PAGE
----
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The End of Our Exploring: A Book about Questioning and the Confidence of Faithby Matthew Lee Anderson
Synopses & Reviews
A Note from the Author -
What does it mean to ask a question?
That's a funny way of putting it, isn't it? The answer seems perfectly obvious: people want information, so they make an inquiry. What else could a question mean, if it's more than that?
It's pretty popular these days to say that Christians ought to ask the hard questions. And for good reason: it's true. There are challenges that deserve serious attention, questions that we should carefully consider. Faith isn't the sort of thing that will endure as long as our eyes are closed. The opposite, in fact: faith helps us see, and that means not shrinking from the ambiguities and the difficulties that provoke our most profound questions.
I'm a fan of questioning. My education was built on the notion not only that we need not fear questions, but that by the grace of God we have the safety and security to rush headlong into them and find ourselves better for it on the other side.
The past decade of my life I have continued that process of inquiry, exploration, and discovery. I can't claim to have always had the right disposition about my inquiries. (And all his friends and his spouse said "Amen!"). But I have never once quit caring about the learning, about the growth that is before us, and the questions that will lead us into it.
Which is why I want to look at questioning itself, to step back and examine how exploration and inquiry fits within the Christian life.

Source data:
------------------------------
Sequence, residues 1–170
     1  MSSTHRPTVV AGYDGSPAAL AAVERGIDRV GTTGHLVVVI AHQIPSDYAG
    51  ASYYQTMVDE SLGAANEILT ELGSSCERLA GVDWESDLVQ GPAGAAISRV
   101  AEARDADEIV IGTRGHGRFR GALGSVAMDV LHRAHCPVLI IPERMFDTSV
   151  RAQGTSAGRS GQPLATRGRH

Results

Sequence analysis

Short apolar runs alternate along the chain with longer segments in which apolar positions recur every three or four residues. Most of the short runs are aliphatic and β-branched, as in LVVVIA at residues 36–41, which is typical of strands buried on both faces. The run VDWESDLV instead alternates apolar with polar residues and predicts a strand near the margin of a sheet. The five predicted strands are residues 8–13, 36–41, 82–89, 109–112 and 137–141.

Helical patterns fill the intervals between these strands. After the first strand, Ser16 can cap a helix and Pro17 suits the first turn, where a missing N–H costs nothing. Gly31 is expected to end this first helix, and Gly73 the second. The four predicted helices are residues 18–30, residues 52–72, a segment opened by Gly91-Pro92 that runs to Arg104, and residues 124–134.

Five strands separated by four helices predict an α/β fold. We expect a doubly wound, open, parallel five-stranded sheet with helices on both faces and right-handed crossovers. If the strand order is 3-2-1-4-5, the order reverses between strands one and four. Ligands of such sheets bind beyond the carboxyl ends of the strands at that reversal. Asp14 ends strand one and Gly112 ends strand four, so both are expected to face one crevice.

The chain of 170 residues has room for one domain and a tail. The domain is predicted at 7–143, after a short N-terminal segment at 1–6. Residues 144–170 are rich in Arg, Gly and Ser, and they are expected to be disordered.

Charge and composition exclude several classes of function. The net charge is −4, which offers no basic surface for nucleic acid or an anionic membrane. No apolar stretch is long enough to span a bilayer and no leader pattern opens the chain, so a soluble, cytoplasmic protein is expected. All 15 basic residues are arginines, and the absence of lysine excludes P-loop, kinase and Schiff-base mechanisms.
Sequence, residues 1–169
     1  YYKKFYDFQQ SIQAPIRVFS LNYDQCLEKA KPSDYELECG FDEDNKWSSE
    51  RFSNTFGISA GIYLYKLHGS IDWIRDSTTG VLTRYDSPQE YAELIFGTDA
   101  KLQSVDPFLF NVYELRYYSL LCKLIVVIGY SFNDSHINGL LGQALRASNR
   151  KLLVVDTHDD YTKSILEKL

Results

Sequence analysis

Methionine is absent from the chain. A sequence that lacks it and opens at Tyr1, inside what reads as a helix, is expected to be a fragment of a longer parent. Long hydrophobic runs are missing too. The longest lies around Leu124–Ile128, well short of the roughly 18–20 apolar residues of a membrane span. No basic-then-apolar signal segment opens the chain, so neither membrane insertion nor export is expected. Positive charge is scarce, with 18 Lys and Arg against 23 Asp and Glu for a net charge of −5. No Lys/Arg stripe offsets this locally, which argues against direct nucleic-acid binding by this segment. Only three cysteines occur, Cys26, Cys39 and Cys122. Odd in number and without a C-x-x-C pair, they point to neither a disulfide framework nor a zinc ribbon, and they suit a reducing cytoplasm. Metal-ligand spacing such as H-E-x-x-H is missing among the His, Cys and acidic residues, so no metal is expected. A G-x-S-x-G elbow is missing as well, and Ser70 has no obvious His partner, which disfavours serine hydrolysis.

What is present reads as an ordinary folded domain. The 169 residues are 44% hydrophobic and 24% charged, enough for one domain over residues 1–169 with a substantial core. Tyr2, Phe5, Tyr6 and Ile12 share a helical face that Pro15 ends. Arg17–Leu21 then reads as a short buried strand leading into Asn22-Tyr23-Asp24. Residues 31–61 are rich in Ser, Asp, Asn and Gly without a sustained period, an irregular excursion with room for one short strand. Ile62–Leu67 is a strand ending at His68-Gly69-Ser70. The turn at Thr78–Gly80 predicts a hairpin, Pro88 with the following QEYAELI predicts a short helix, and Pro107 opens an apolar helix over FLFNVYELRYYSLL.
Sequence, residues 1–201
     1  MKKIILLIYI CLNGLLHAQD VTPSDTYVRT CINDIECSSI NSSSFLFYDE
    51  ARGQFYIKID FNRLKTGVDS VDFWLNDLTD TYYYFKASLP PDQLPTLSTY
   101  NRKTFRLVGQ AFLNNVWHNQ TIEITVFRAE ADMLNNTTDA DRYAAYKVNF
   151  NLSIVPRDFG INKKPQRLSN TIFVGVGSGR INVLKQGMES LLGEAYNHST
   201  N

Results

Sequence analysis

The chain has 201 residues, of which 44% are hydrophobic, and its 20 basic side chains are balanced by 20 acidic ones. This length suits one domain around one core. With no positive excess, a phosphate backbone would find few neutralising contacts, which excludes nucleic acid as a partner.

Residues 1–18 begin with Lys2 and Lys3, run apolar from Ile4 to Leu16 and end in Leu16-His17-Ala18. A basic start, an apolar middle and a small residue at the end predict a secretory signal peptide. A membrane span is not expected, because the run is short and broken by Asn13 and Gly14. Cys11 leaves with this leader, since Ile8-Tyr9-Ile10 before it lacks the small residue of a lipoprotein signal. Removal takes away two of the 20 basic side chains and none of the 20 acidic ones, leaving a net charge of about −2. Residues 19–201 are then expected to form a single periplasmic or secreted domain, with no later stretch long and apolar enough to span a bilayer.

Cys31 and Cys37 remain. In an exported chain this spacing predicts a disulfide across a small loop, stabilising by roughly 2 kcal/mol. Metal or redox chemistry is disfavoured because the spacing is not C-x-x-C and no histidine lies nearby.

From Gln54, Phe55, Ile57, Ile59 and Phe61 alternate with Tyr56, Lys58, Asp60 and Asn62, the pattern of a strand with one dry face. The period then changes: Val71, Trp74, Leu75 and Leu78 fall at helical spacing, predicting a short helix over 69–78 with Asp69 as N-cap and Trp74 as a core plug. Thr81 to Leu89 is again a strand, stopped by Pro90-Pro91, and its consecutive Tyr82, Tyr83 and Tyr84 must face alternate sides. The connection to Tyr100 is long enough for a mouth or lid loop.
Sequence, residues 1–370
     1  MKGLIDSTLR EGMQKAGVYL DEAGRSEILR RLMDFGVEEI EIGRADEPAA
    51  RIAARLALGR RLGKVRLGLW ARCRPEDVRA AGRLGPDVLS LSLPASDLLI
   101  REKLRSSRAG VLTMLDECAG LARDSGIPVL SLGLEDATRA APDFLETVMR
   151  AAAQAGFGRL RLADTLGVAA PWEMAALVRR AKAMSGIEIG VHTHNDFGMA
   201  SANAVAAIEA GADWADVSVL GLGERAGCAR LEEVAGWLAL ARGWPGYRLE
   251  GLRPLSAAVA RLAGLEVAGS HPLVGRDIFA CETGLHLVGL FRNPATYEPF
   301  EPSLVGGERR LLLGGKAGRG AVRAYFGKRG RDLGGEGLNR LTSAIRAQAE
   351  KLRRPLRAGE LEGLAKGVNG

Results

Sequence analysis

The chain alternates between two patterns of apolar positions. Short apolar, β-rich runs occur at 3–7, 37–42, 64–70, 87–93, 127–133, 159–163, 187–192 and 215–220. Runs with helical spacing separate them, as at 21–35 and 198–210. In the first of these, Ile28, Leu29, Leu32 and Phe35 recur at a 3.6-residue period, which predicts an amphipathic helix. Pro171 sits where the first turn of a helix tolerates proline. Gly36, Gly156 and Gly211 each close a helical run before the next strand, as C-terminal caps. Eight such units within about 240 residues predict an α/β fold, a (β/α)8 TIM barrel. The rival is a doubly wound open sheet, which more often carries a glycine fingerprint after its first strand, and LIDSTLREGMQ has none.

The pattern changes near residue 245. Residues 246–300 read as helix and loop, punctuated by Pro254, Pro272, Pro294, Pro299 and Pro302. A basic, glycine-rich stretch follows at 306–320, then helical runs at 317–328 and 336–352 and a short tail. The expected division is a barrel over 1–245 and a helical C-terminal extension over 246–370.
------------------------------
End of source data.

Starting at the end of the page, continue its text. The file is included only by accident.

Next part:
In our embrace of questioning, we must learn to question well. In our uncertainty, we must not give up the task of walking worthy of the calling which Christ has placed upon us. For we have not yet reached the end of our exploring.
What does it mean to question well? That's a good question.
-Matthew Lee Anderson
A Note from the
Do we know what it means to question well?
We need not fear questions, but by the grace of God, we have the safety and security to rush headlong into them and find ourselves better for it on the other side.
Faith isn't the sort of thing that will endure as long as our eyes are closed. The opposite, in fact: Faith helps us see, and that means not shrinking from the ambiguities and the difficulties that provoke our most profound questions.
In our embrace of questioning, we must learn to question well. In our uncertainty, we must not give up the task of walking worthy of the calling that Christ has placed upon us. For we have not yet reached the end of our exploring.
About the Author
MATTHEW LEE ANDERSON is the Lead Writer of Mere Orthodoxy and is studying for an M.Phil. in Christian Ethics at Oxford University. He has explored the relationships between evangelicalism and politics and the generational shifts in evangelicalism. He is the author of Earthen Vessels: Why Our Bodies Matter to Our Faith, in which he explores how Christian theology shapes our thinking about issues like human sexuality, tattoos, and death. His work has appeared at the Washington Post, CNN, Christianity Today, Books and Culture, Relevant, The City, and various other places. He lives in Oxford with his wife.
Table of Contents
Chapter One: A Few Initial Thoughts about the Questioning Life
Chapter Two: When the Questions Are Not Neutral
Chapter Three: On Doubt and What Doubt Isn't
Chapter Four: What Counts as Satisfaction?
Chapter Five: The World and Our Questions of It
Chapter Six: The Liberation of Questioning
Chapter Seven: Communities of Inquiry
Chapter Eight: Friendship, Disagreement, and Our Fundamental Commitments
Chapter Nine: How to Ask a Good Question
Chapter Ten: The End of Our Exploring
Appendix One: How Not to Lose Your Faith in a Christian College
Appendix Two: Loving Those Who Leave
Confession of Gratitude
What Our Readers Are Saying
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